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The cards were the most crucial part of my last and so far successful quit.
You don't need to read this page in order to apply card therapy. The information below is just background information for the interested.
The two books listed below, 'When AA Doesn't Work For You -- Rational Steps To Quitting Alcohol' and 'Rational Recovery, The New Cure For Substance Addiction' are aimed at alcohol and mind - altering drugs, but the techniques are applicable to any addictive substance, including tobacco. Both concentrate on techniques on controlling one's own thinking and quelling one's cravings by remembering and using rational statements. These books provided much of the ideas for the 3 X 5 cards I wrote.
Irrational: 'I must have a cigarette now'
Rational: 'I would like to have a cigarette now, but I don't have to have one. And I won't feel all that much better if I do -- it will feel nice, but not all that great. And tomorrow I will regret it deeply'.
A Activating Event: I've had a hard day at work. At last I'm done and outside, so I can light up now. Tomorrow is also going to be bad -- I have a presentation to give at work. I'm nervous and need to relax.
B Beliefs about A (irrational): I need to calm myself down. I need a smoke now. I can't stand not smoking any longer. It is awful that I have to put up with this suffering. Whenever I have a craving this strong, I have to give in to it.
C Consequences: I blow my quit (yet again). Everyone will know soon. I will have to start my quit all over again and repeat all of the suffering that I have endured over the last few hours / days.
D Dispute the irrational beliefs, and replace them with rational beliefs: I don't need a smoke, although one would sure be nice. I can relax by meditating, walking, and / or thinking of something pleasant. It's painful not being able to smoke, but in a few days, I will seldom have serious cravings. Those cravings will be less than the cravings I had as a smoker, when I wasn't able to smoke.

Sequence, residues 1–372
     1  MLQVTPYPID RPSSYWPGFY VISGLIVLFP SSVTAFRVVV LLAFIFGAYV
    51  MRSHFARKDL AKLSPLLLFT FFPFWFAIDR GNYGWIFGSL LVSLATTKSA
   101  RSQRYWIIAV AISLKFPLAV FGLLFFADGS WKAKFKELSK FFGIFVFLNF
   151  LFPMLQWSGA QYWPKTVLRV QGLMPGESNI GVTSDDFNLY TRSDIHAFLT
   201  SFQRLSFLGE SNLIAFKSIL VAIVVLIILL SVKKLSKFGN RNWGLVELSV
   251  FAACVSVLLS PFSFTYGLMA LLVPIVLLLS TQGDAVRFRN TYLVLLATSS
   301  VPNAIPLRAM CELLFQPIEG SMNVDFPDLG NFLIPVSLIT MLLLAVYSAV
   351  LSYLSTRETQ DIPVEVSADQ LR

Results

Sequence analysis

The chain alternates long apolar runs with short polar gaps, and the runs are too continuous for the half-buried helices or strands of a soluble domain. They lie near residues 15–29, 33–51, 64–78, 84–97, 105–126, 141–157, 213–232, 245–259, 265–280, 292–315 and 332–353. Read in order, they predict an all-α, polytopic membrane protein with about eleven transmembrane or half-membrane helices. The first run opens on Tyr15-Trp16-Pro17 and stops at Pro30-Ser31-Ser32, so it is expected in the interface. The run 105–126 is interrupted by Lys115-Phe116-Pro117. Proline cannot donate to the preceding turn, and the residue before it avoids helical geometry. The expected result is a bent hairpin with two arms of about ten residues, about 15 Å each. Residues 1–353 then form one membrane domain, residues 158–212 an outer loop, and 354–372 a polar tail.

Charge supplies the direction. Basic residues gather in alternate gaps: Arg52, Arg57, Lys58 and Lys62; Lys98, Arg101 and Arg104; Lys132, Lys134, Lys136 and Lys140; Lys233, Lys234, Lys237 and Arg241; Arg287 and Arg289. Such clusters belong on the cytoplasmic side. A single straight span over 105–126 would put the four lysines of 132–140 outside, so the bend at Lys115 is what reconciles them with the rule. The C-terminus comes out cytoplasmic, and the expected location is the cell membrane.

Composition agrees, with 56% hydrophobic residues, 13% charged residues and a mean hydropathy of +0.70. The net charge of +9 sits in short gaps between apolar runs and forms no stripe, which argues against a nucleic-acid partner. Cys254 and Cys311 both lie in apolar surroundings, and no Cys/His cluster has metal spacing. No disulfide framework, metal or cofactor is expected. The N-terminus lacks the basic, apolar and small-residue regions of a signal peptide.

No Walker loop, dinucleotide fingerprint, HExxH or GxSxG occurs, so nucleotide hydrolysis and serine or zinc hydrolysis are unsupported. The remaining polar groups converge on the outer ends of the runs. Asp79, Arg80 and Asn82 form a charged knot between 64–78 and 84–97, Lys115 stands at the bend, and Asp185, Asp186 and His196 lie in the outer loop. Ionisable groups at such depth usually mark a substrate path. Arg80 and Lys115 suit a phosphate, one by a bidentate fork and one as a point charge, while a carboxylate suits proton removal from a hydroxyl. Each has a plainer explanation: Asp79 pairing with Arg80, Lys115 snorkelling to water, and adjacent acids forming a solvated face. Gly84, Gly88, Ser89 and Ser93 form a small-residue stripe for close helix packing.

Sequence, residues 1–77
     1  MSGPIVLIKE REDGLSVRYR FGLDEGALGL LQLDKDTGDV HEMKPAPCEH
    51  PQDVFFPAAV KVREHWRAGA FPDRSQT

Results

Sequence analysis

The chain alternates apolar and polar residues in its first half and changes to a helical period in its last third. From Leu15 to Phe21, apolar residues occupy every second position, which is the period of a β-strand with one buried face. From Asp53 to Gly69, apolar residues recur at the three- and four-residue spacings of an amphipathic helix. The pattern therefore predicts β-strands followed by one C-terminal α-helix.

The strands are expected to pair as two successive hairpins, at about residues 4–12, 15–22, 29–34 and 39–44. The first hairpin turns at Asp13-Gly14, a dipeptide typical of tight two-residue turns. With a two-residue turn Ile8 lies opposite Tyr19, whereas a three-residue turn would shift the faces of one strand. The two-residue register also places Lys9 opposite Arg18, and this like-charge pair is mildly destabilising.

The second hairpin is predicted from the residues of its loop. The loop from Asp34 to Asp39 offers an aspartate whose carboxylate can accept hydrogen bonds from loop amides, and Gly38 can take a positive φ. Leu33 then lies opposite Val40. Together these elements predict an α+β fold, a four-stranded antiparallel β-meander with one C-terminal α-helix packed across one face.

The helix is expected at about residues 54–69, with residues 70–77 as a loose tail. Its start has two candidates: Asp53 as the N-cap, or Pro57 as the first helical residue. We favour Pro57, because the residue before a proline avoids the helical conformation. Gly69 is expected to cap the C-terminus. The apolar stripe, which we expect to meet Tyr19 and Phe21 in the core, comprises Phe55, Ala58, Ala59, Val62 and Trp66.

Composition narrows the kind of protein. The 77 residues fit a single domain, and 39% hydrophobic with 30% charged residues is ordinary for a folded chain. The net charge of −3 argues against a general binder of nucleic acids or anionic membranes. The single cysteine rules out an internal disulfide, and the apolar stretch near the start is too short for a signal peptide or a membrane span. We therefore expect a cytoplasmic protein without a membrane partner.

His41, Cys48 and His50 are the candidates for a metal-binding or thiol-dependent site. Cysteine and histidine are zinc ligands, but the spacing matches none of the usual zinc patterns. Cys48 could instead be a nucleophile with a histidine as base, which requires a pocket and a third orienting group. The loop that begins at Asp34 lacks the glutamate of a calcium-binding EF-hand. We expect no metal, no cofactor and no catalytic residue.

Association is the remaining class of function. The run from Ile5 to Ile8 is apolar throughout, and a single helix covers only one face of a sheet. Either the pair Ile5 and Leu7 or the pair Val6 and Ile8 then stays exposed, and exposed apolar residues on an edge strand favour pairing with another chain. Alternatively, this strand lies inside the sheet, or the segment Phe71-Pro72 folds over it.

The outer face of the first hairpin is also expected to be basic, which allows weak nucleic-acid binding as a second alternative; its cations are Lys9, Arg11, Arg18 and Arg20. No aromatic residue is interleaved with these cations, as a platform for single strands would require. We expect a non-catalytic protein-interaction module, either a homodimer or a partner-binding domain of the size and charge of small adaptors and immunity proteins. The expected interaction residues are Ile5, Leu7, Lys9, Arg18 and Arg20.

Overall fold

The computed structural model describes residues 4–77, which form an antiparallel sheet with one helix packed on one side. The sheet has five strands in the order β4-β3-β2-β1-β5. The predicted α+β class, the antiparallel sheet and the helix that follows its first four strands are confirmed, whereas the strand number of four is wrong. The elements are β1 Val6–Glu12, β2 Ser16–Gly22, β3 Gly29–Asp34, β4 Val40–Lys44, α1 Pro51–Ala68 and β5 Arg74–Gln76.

Note: RET techniques can be applied to almost any kind of mental problem, such as procrastination and anxiety. The latter part of the book has a lot on how to use RET to deal with difficult life situation other than addiction.
An addicted person is fighting a war with himself. It is like a person is of two minds.
One part of the mind is jumping up and down screaming, 'I must have a cigarette now! It will taste so good.' This mind is called 'the beast'. The voice one hears is called the addictive voice. The beast is the primitive survival - oriented part of the brain that demands what it needs -- food, water, air, etc. Unfortunately, in an addicted person, this beast brain also thinks it needs the addictive substance.
The other part of the mind is saying, 'if I have a cigarette, I might relapse back into full time smoking. And a cigarette will only satisfy me momentarily. I will soon want another'. This mind is the 'rational' mind, the part of the mind that reasons things out and makes decisions.
Rational Recovery (RR) consists of training the rational mind to recognize the beast's addictive voice. And how to combat it -- by use of addiction diction, and by realizing that the beast is physically helpless. This consists of a few techniques:
It has been very comforting for me to realize that the beast can't take direct control of my muscles and force a cigarete into my mouth. Rather, I have to decide first to smoke.
Cough -- imagine coughing in someone's face
Ash -- imagine an ash dropping from a cigarette onto an expensive piece of clothing.
Read the cards -- now read the cards which lists the thoughts, affirmations, and reasons why it would be a bad idea to give in to the urge.
Once you fight it out with your beast and convince yourself to quit for your lifetime (try writing down why you never again want to touch one of the nasty things), then the quit process will become much easier, and maybe even almost effortless.
Whenever I had a trigger situation or trigger thoughts that were not already covered by an existing card, I'd write a card to cover that situation or thoughts.
I finally learned that even after several weeks without a slip, just 2 cigarettes would cause increased cravings and enhanced sensitivity to stress for 2 or 3 WEEKS. When I learned this lesson, I really made up my mind not to ever touch a cigarette again.
(2) Something especially bad suddenly happens, so why not have 2 cigs?
(3) Why not quit next week, or next month when ...
(4) I've been quit for a week now. So why not have 2 cigs once a week?